Pointers are of limited value. The word “process” is misleading. This is all there is. Seriously. Just this.
Reflections on choice, or free will, can get all tied up in knots. Drop the question, and what’s left? Just this, just what is happening. Then it becomes a matter of acceptance or resistance. Is that a choice? I don’t know. But it can be investigated. Is there resistance to what is, or acceptance? Resistance or acceptance is simply what is arising in the moment. Maybe all that can be done is to look, to check it out for yourself. Who is living this life, your so-called life?
If there is suffering, then maybe this question has yet to be thoroughly explored. There is no answer. That’s the delightful surprise. Answers are for the mind, and the mind cannot get to the root of this. It can only take you so far, and then FAIL. There is only this and the possibility of enjoying it or objecting to it in some way. The etymology of the word “choice” is “to taste, to try.” It is from the same base as “gusto.”
Look and see if there is anyone there to resist or to accept whatever is happening. If suffering is happening, does it belong to anybody? If joy is happening, is it possible that the “me” who would suffer can’t make a claim either way? What a relief! Taste it, try it. Mucho gusto.
The UI is good for investigating, looking into everyday identifications, conflicts, and beliefs about yourself and the world, as listed in this previous post. There are also “objects” to look for that you might not have considered, such as time and the body.
Can you find the past? Maybe a memory comes up, or a sensation in the body. Look and see; is that it? What about the future? It most often shows up as a sense of expectation, dread, waiting, or even a vague feeling of “not yet,” also seemingly located somewhere in the body. There can also be a slight, but otherwise unconscious, turn of the eyes as if the future is over there. Is that it?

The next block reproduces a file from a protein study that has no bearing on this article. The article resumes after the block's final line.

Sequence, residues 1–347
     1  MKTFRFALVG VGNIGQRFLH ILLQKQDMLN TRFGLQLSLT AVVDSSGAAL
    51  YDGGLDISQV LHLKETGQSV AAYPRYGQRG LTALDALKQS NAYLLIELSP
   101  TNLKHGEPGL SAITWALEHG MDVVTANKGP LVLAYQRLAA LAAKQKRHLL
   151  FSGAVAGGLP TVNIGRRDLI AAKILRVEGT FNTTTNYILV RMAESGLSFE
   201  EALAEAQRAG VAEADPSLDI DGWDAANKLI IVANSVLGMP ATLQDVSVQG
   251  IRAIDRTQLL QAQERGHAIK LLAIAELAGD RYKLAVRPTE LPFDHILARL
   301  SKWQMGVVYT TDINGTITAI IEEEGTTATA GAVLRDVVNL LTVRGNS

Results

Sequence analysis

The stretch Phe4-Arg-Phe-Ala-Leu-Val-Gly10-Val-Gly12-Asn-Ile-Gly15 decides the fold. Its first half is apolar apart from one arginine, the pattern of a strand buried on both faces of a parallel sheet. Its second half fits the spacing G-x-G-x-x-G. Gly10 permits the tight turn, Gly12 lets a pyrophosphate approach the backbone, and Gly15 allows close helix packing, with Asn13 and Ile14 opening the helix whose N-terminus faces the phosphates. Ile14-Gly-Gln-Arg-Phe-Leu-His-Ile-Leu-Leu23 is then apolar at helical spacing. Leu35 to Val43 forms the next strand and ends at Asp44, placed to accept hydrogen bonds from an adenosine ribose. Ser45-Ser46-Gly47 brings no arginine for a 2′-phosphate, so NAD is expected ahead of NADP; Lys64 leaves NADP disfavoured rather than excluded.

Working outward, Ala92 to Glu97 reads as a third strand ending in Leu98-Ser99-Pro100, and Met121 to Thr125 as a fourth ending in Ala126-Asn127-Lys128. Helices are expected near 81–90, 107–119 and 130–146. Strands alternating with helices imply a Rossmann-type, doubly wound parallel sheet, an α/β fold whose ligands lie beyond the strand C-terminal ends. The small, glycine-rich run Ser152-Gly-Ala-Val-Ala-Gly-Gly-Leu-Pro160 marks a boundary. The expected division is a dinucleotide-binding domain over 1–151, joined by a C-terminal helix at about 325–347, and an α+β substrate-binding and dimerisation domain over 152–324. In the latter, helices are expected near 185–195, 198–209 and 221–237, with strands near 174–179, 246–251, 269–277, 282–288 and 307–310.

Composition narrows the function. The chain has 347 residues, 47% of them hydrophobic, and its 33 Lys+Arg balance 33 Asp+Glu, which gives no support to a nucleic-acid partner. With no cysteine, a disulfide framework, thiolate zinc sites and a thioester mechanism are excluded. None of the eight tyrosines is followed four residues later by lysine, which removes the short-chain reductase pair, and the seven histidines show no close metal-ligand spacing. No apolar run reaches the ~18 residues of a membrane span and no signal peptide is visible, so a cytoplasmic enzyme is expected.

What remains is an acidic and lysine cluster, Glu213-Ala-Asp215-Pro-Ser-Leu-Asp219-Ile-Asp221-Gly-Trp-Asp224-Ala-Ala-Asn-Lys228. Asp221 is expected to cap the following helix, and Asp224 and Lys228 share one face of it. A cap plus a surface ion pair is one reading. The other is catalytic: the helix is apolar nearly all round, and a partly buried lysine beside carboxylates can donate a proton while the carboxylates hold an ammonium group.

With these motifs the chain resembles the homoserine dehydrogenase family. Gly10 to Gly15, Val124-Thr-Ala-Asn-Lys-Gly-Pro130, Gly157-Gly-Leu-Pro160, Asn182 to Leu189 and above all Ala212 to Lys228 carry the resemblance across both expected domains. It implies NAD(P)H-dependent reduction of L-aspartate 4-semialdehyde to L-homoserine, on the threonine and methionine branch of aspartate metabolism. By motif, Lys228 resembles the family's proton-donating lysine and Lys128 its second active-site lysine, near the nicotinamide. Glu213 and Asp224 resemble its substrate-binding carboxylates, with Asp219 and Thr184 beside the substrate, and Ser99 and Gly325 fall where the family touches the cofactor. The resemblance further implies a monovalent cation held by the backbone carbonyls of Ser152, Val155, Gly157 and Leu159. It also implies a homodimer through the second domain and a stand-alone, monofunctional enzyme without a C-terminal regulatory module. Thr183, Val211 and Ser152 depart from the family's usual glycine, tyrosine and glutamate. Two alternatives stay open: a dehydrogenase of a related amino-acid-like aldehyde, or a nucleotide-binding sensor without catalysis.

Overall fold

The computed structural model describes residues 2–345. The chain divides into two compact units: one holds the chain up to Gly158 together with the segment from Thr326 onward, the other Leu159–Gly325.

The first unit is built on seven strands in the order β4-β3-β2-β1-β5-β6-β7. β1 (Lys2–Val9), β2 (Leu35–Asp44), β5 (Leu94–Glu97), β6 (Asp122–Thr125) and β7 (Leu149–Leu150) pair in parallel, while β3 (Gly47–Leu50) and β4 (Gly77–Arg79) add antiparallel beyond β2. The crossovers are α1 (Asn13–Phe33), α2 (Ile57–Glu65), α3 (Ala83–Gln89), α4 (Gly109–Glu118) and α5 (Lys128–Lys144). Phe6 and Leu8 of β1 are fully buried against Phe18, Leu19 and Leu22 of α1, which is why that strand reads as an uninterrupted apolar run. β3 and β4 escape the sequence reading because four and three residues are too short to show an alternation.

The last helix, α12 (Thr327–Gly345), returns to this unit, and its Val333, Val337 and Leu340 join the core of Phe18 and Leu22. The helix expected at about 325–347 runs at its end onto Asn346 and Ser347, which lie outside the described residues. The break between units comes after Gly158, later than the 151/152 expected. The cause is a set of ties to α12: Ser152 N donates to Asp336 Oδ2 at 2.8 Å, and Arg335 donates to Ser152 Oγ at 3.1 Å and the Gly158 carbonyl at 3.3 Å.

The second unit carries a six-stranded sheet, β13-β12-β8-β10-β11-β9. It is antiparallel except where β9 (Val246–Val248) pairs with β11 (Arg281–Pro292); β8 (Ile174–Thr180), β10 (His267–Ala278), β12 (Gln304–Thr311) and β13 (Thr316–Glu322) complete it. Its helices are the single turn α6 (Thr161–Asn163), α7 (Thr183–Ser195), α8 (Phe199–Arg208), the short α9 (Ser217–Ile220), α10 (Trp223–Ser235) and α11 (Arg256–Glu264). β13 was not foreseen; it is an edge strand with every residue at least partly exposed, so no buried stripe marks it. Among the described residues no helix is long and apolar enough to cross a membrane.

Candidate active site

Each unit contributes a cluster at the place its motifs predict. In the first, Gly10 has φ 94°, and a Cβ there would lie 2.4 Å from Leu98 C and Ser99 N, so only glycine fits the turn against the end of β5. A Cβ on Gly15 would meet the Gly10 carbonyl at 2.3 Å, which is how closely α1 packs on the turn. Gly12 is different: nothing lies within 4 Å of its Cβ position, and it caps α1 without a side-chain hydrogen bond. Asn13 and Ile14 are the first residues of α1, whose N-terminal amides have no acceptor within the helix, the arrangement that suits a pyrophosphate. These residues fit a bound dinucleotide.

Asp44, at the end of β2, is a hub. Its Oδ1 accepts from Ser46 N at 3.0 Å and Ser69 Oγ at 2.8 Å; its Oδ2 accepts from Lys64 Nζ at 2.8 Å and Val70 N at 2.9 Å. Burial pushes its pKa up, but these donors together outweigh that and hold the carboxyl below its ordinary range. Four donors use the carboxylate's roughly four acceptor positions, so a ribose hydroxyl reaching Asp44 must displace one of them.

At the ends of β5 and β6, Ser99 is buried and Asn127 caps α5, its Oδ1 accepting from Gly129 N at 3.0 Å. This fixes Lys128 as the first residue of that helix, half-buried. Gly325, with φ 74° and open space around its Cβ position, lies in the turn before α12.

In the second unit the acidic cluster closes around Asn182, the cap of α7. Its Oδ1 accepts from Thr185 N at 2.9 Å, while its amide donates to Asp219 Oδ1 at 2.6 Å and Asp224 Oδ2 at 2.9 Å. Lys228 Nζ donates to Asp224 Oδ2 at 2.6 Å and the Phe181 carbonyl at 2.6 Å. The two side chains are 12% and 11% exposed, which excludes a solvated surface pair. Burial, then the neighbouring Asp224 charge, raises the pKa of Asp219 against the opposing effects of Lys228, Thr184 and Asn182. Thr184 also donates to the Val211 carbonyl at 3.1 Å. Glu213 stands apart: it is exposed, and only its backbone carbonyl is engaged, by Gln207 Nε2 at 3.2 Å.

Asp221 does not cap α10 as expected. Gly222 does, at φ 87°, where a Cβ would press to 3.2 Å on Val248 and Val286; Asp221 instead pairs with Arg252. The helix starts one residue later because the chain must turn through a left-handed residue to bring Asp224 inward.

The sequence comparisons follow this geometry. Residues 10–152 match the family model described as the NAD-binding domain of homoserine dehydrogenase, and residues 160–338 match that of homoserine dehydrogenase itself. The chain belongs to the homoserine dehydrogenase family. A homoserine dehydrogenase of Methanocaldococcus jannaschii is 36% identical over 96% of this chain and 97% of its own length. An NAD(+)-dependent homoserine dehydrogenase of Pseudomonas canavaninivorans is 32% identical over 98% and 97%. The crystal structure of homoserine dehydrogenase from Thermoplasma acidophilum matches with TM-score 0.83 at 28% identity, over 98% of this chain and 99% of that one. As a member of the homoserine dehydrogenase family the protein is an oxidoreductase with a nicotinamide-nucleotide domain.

When you focus on the body, is there anything in any physical sensation that signifies ownership? If you look at your hands, or feel tension in your chest, is there something there that clearly says “mine?” Are those hands owned, or are they merely observed?
Questions about the nature of time can be hashed over and over by the mind endlessly, to no satisfying conclusion. Even if you come up with a provisional answer, nothing is really known for sure. And is there an unquestioned belief or the assumption that “I am this body?” The Unfindable Inquiry is an experience, not a concept. Go beyond words, beyond the mind, and see for yourself, if you’re curious. It’s pretty trippy. Try it and see.
If any of the following “complaints” have a familiar ring, we can look for the one who thinks they’re a problem.
- I never have enough money to do what I want.
- I can’t believe he/she lied to me.
- Why didn’t anyone like my Facebook status?
- God, I’m fat.
- He/She never called me back.
- I’m a total failure.
- She/He didn’t even notice me.
- Why are you always late?
- He/She would never love me.
- I’m feeling pretty hopeless/helpless.
- My boss is an overbearing tyrant.
- There’s something wrong with me.
- I did all this for you, and you didn’t even say “thank you.”
- I feel left out, excluded.
- I made such an ass out myself; I’ll never live that one down.
- Stupid people really bother me.
Wherever there’s a complaint, there is an identity being triggered. Add your own to the list. What is the biggest, or the most recent, source of dissatisfaction? Even the smallest disagreements with life as it shows up can be symptoms of a general malaise, reflections of disapproval projected out there, because it’s easier than looking towards the source. A whine or a low moan might go deeper than you think. If you could get to the root of even a single complaint, you’d see them all for the ineffectual strategies they really are, and you could begin to feel yourself breaking free. Imagine that. No complaints.
“Never imagine yourself not to be otherwise than what it might appear to others that what you were or might have been was not otherwise than what you had been would have appeared to them to be otherwise.” ~ The Duchess, Alice in Wonderland
“Self sabotage is the smartest thing you can do if you’re sabotaging a self that is not really you.” ~ Armand Demele
Doing the Unfindable Inquiry will not make you a better person. In fact, what you cannot find may may result in the renunciation of any and all forms of self improvement. It might, however, allow you to see quantum leaps of improvement in everyone around you. So, even better, the inquiry may make others mysteriously appear to be better persons.
“Curiouser and curiouser!” ~ Alice, Alice in Wonderland